When you're a high school student who also plays club baseball for a local organization, you can expect that your team will participate in a significant number of showcase tournaments throughout the season. As their name suggests, showcase tournaments offer you a chance to showcase your abilities on the field to the many college scouts who will be in attendance. This will be one of the first steps toward getting a college scholarship, so it's important for you to play well during these events. While scouts will be assessing your fundamentals at the plate and in the field, they'll also be watching for some smaller things that the best players do. Here are some examples.
Giving Full Effort Every Play
There will be times that it's tempting to give less than 100 percent effort on certain plays. For example, if you're batting and you hit a weak ground ball to the pitcher, there's a high probability that they will throw you out at first base. Some hitters respond to this probability by merely jogging toward first base until the ball gets there. Unfortunately, a scout can view such behavior as problematic, given that colleges want players who play hard. You should always give your full effort. In the above scenario, this means sprinting toward first base even if you expect that you'll be out.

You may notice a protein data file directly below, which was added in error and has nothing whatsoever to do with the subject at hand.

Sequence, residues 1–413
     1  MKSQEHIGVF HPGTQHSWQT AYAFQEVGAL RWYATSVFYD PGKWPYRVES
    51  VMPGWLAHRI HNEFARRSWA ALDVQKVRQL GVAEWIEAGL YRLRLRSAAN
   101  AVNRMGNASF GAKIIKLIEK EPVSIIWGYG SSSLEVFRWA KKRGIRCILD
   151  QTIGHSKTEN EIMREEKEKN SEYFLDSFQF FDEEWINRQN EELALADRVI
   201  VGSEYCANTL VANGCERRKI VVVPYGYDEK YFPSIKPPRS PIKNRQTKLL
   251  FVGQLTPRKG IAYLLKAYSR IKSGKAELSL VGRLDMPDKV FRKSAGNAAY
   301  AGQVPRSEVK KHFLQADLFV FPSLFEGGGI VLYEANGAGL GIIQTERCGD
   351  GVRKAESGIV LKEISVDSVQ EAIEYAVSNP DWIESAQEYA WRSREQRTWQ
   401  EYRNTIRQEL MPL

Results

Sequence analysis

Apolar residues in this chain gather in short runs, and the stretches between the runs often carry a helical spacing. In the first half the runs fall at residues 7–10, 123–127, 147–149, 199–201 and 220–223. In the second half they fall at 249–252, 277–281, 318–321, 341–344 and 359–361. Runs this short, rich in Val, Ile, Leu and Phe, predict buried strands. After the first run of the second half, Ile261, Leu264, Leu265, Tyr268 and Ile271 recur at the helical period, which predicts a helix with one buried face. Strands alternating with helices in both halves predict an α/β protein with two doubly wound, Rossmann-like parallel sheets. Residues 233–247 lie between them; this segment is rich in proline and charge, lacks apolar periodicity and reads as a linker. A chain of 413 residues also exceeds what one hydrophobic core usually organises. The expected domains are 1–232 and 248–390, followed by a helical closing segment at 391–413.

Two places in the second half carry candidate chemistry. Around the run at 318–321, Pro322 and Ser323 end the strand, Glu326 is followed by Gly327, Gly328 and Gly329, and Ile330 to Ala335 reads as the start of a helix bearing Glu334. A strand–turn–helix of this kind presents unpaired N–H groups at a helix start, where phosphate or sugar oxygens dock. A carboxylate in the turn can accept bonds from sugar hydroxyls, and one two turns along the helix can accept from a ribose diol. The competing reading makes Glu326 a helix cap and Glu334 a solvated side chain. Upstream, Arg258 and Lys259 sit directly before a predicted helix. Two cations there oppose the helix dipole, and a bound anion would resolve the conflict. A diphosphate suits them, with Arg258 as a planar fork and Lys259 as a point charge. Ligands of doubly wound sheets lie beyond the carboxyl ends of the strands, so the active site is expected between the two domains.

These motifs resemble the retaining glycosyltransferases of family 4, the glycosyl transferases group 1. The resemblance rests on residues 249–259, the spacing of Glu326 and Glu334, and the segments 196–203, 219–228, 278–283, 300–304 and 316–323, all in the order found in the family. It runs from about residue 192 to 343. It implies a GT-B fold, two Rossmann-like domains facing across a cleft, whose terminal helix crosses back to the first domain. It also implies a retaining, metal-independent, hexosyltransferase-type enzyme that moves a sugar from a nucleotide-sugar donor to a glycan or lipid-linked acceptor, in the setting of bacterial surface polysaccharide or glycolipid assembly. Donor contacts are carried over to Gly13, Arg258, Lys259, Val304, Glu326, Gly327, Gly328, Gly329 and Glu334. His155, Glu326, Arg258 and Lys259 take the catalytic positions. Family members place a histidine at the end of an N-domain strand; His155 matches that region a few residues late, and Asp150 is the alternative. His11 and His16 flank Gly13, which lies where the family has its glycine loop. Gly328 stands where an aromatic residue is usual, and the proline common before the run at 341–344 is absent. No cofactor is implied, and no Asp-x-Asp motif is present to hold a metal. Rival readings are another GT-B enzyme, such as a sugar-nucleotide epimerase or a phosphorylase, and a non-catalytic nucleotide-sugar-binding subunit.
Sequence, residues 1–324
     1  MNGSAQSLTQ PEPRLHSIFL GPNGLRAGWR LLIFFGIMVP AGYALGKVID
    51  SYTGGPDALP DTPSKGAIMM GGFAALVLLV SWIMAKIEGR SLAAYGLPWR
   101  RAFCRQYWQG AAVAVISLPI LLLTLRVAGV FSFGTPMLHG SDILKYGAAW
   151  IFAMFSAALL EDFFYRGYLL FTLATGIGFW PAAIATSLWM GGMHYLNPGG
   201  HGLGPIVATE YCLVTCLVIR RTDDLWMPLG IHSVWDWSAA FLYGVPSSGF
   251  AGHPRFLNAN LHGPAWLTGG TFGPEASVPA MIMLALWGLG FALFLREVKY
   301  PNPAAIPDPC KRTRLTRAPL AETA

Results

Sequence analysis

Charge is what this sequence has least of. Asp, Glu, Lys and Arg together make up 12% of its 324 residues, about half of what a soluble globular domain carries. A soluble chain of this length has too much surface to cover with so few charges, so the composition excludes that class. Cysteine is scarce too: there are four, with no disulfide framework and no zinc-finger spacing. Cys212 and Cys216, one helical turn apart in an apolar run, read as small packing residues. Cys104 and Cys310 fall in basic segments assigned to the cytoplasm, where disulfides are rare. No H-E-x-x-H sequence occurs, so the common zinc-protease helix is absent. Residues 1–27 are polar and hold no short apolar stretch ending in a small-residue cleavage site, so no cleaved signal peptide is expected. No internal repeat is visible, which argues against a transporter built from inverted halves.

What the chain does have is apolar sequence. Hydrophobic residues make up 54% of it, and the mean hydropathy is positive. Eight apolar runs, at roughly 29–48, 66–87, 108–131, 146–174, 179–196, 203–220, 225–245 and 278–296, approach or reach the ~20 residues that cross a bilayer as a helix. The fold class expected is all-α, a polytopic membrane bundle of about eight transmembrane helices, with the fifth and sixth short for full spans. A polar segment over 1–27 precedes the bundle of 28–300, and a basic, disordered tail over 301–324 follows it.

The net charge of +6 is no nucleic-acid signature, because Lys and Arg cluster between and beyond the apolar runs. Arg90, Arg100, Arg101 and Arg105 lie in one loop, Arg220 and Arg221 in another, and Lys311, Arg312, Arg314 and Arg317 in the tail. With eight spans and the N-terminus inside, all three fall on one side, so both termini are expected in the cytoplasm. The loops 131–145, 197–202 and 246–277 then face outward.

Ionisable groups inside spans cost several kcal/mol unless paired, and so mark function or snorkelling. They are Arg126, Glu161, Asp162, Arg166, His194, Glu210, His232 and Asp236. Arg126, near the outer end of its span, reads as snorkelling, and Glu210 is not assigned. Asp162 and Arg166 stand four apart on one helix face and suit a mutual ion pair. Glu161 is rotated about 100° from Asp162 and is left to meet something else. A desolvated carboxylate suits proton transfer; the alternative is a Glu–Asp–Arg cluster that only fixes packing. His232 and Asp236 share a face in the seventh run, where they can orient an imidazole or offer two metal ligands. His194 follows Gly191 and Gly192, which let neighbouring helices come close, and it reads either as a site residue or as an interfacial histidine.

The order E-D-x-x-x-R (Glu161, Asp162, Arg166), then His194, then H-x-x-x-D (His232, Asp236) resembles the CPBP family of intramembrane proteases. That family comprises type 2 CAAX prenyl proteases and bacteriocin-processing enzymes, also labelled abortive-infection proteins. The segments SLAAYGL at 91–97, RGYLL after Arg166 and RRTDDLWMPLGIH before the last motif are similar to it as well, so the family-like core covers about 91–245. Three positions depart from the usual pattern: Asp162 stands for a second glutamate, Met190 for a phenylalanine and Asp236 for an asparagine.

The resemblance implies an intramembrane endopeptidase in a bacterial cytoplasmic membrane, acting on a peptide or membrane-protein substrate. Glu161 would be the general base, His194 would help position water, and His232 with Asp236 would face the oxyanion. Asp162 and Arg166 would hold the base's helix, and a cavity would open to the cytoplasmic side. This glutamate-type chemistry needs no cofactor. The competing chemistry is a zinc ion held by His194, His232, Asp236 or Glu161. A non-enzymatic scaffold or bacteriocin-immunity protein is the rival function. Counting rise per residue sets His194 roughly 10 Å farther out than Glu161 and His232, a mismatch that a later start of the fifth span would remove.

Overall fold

Respecting Coaches And Umpires
Just as colleges want players who put in maximum effort, they also want athletes who are respectful of authority figures. Make sure that you behave in this manner toward your coaches and the umpires when your club team takes part in a showcase tournament. For example, if a coach's substitution results in you leaving the game, don't frown or argue. Similarly, if you don't agree with an umpire's call, resist the temptation to complain.
Taking Warm-Ups Seriously
The warm-up period before each game is a chance to get loose — but it can also be a good opportunity to demonstrate your approach to a college scout who will be watching. Take each warm-up seriously by playing catch, stretching, and swinging the bat. Some players use this time to socialize, and this doesn't suggest a mature approach. You never know who may have their eyes on you at any point during the warm-up period, so approaching it properly will send a positive message to the scouts. Contact a local high school baseball club to enroll.